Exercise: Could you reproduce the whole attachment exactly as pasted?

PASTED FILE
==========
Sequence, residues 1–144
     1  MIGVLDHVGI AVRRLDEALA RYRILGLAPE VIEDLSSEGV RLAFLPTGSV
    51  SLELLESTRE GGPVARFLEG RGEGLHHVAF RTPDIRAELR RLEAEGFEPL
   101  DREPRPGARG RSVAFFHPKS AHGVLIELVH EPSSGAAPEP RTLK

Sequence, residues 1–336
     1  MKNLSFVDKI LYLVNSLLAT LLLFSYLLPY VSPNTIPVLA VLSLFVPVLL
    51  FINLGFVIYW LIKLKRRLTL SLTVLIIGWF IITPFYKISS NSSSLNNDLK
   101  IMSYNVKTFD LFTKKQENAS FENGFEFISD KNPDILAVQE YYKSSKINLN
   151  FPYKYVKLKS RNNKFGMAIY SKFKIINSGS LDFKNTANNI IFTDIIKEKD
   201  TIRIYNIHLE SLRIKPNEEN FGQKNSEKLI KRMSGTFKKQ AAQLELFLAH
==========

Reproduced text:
Sequence, residues 1–144
     1  MIGVLDHVGI AVRRLDEALA RYRILGLAPE VIEDLSSEGV RLAFLPTGSV
    51  SLELLESTRE GGPVARFLEG RGEGLHHVAF RTPDIRAELR RLEAEGFEPL
   101  DREPRPGARG RSVAFFHPKS AHGVLIELVH EPSSGAAPEP RTLK

Sequence, residues 1–336
     1  MKNLSFVDKI LYLVNSLLAT LLLFSYLLPY VSPNTIPVLA VLSLFVPVLL
    51  FINLGFVIYW LIKLKRRLTL SLTVLIIGWF IITPFYKISS NSSSLNNDLK
   101  IMSYNVKTFD LFTKKQENAS FENGFEFISD KNPDILAVQE YYKSSKINLN
   151  FPYKYVKLKS RNNKFGMAIY SKFKIINSGS LDFKNTANNI IFTDIIKEKD
   201  TIRIYNIHLE SLRIKPNEEN FGQKNSEKLI KRMSGTFKKQ AAQLELFLAH